Upcoming changes in the Books section, radio drama in Austin, and Clay Smith's revelation about that everyone else knew about already.

New Page of Reviews

This week we start printing a new page of book reviews (see p. 46). Called "Readings," they are reviews of books that will follow the main story in the Books section every week (except next week, which is devoted to our lists of the best books of 2000). At the same time, we say goodbye to "Off the Bookshelf," which was a forum for short book reviews. We'll continue printing lists of bestselling titles from local stores, but now you can find them on the Readings page.

Radio Days

"Writing on the Air," the Austin Writers' League's radio show, will air its first radio play on Dec. 30 with Hangover, an adaptation of a short story by Austin writer Joe O'Connell. "Writing on the Air," which airs in Austin and San Antonio, in the past has centered solely on writers discussing their careers. The show airs at 4pm on KOOP 91.7 FM. Hangover is the story of a college student on New Year's Day dealing with the impending death of his estranged father.

Me, the Troglodyte

I need to say right up-front that I know how late I am to this trend that I'm about to talk about, but my oblivousness on computer matters stopped surprising me a long time ago. I was on the other day to order a Christmas gift for someone, a copy of Julia Sweeney's God Said Ha!, which I think is endlessly funny. (If I were Pat Holt, the former book editor of the San Francisco Chronicle, who has a column about the book industry at, this would be the part where I talk about how proud I am that I've never ordered anything from because I'm such a blameless supporter of independent bookstores, but only one of us gets to be perfect.) Later, several days after I made the order, I pulled up Amazon, and "the lead page," as I like to call it, had an image and brief description of Woody Allen's Standup Comic and of course a convenient link for purchasing that classic of comedy. I thought that was kind of cute in a coincidental way, since I've always wanted to buy Standup Comic. It took me longer than it should have to realize that the placement of that particular item wasn't exactly coincidental. (In fact, I realized that the little people who live inside my computer and make everything work in it had done a very fine job indeed of intuiting my innermost wishes.) I've always prided myself on avoiding the "customers who bought this book also bought" category that accompanies the items sold on Amazon because it's so obvious. It's kind of like being beaten over the head. But the Standup Comic recommendation was on the lead page of the site, so I thought they were displaying that item to one and all. Eventually I realized how simple it must be for Amazon to suggest potential buys to customers based on their past purchases and to tailor the site to a frustratingly singular and personal degree. I clicked on Standup Comic and of course found a link to something else I've always meant to own a copy of, An Evening With Mike Nichols and Elaine May. All this distressed me unduly because it hit me what a successful job Amazon has done of replicating the very thing that has traditionally been the trump card for independent bookstores, book-smart employees who can make connections with customers and suggest potential purchases. But I didn't mean to get on my high horse about how Amazon says they're not out to conquer the universe. (Did I really see a chorus of workers on national television recently singing Christmas songs? Make it go away!)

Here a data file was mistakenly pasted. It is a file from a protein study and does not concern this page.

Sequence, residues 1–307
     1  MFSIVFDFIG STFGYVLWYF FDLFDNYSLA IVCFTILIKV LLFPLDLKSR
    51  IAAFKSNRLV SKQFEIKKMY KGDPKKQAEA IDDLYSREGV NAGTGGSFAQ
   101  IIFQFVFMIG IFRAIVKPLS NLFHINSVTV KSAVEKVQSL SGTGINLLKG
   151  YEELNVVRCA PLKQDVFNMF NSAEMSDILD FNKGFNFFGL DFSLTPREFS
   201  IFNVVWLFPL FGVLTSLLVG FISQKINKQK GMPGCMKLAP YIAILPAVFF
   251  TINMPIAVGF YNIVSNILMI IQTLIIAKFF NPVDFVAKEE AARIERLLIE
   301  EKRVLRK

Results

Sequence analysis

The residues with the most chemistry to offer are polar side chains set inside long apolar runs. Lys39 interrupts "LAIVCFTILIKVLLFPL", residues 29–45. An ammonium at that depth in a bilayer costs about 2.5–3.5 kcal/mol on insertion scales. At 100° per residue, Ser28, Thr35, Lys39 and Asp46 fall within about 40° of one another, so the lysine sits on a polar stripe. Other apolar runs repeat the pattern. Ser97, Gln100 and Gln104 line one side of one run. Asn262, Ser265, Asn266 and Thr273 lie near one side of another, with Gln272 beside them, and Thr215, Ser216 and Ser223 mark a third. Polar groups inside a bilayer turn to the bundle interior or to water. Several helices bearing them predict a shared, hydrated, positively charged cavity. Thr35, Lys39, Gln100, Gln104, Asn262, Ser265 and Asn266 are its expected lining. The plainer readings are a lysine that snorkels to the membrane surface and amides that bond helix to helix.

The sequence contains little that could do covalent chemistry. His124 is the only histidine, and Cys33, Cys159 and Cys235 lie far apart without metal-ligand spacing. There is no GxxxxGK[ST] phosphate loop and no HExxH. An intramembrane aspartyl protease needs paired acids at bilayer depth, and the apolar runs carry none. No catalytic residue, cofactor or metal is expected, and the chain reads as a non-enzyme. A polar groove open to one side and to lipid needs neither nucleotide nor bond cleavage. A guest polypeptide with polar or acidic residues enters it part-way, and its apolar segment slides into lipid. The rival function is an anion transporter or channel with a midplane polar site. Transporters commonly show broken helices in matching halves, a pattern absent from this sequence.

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More Postscripts
The last time we heard about Karla Faye Tucker, she was being executed; now, almost four years later, there's a new novel about her. Or about someone very like her. And Beverly Lowry's classic Crossed Over, a memoir about getting to know Karla Faye Tucker, gets a reissue.

Clay Smith, Jan. 18, 2002

Not one day back from vacation and the growing list of noble souls who need to be congratulated is making Books Editor Clay Smith uneasy.

Clay Smith, Jan. 11, 2002


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